I've heard every lame excuse out there.
It goes something like "The refs had to call that foul, 92 feet from the basket with less than a second left. You have to make the call whether it's the first second or the last second." If you think that, you're wrong. So wrong. So incredibly wrong that there the word "wrong" simply isn't enough to express how wrong you are. You're super-wrong. Ultra-wrong. Uber-wrong. Here's why.
Refs never "have" to call anything. They're not robots, they're human beings. They can use their judgment, and they do it all the time. How often do you see a star player, who has four fouls, get a pass on a borderline foul? How many times do you see a coach going nuts on the sideline late in a heated game but not get called for a technical? To call a foul in a tie game with less than a second left when you know Butler is in the bonus is terrible judgment. The worst judgment you can possibly ever use.
John Adams, the NCAA's coordinator of men's basketball officiating, keeps saying that the goal of refs is “We don’t want to become the story.” Well John, when you call a foul 92 feet from the basket with less than a second, you've made yourself the ONLY story of the game. And the fact that Adams was unwilling to take his officials to task afterwards just shows that NCAA refs think they're the biggest part of the show.
I wasn't crazy about the Shelvin Mack foul call on the previous possession. That was a combination of refs Terry Wymer and Antonio Petty on that call. But at least Pitt had a 5 or 10% chance of scoring there. What were Butler's chances of scoring on that rebound? One in a trillion? Does the punishment fit the crime there? Should a foul on a defensive rebound literally decide the outcome of a game? Of course not. Petty knew it, but apparently he just couldn't help making himself the story of the game.
And by the way Kenny Smith and everyone else who was trying to defend an indefensible call: If you make that call in the first second of the half Butler just gets it out of bounds, not two free throws. That's why you swallow your whistle there.
We should be talking about this game as one of the greatest ever played. It was THAT GOOD! Both teams were on fire on offense, hitting difficult shot after difficult shot against smothering defenses. (I still haven't decided who would have won how the game had been officiated properly, but both these teams certainly deserved to win.)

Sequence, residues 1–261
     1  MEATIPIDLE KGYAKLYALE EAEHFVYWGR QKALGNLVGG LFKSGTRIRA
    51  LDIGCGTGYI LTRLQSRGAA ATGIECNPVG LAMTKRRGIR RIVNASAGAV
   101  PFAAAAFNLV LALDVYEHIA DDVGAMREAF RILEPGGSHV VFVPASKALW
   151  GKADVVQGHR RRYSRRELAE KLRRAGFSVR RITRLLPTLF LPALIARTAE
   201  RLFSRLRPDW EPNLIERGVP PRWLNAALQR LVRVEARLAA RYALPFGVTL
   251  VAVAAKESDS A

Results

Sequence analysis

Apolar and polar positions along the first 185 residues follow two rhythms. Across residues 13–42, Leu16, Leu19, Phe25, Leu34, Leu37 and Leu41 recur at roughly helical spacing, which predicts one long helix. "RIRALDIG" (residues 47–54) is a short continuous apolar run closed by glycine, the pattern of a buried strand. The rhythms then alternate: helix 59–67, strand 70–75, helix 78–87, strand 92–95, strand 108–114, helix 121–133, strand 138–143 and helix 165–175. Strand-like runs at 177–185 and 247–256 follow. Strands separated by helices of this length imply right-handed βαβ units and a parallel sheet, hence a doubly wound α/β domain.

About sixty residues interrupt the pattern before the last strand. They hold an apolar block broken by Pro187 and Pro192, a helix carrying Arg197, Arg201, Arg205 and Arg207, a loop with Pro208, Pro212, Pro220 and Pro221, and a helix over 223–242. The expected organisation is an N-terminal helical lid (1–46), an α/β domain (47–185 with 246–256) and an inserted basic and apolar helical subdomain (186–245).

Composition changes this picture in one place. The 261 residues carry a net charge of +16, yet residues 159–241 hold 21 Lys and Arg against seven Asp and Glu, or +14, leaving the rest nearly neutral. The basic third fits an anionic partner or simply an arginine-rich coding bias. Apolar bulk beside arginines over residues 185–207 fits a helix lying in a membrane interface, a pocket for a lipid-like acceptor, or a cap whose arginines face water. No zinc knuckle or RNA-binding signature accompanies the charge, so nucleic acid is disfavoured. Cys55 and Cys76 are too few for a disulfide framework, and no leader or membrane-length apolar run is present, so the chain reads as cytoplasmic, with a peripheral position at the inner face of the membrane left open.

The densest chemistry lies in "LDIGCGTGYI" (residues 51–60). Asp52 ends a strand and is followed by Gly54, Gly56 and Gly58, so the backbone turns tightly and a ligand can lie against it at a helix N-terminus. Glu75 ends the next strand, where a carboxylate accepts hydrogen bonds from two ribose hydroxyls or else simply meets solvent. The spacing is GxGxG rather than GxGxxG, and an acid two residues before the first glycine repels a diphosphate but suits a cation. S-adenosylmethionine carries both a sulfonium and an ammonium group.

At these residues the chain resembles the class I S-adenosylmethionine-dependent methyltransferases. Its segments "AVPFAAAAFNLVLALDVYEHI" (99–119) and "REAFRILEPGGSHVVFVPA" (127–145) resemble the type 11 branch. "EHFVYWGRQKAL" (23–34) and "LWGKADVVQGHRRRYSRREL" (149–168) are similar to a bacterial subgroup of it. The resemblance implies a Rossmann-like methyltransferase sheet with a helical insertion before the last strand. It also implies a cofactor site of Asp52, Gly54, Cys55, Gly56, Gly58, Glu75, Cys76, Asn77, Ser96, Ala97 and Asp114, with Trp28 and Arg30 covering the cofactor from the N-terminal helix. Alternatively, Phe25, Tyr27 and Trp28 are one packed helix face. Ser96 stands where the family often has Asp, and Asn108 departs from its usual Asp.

Of course, overshadowed by the late officiating mistakes were all the early officiating mistakes. Even before the final seconds, this was one of the most poorly officiated games of all-time. I like Matt Howard's hair just as much as the next guy, but just because he flops it around doesn't mean you have to call a foul. Some of those flops were such bad acting jobs that Howard couldn't have landed a roll in a Twilight film. But it was enough to convince these three dunce refs that fouls were being committed.
And it wasn't just Pitt getting a raw deal from the refs. With the score tied and two minutes to go, a perimeter touch foul was called on Butler big man Andrew Smith when Pitt was in the bonus. The meaningless foul, which really wasn't a foul, sent Brad Wanamaker to the line for two shots (he made both to put Pitt up two). Butler coach Brad Stevens' reaction was perfect. You could read his lips when he said to the officials: "Now!?! You're going to call that NOW!?!"
And then there were the clock delays. Those ridiculous, absurd clock delays. They have to stop. They're free time outs at critical points in the game. Pitt was up one when they committed a shot clock violation with nine seconds left, giving Butler the ball. The Bulldogs had no time outs and were going to have to come up with the game's biggest play on the fly. So what happens? Clock delay! While the three blind mice looking at the monitor for a minute, Butler got a free time out, a huge advantage, and Stevens drew up a perfect play, leading to a lay-up.
College basketball is a beautiful game, and Butler and Pitt played it as well as it can be played on Saturday night. There's nothing worse than seeing the players work their butts off and play magnificently, only to have three refs who think they're part of the game ruin it for the players, the coaches and the fans.
As Stevens said afterwards: "That's a hard way for the game to end." Unfortunately, until someone does something about guys like John Adams, the NCAA and the three officials from Saturday night, more games are going to end the wrong way.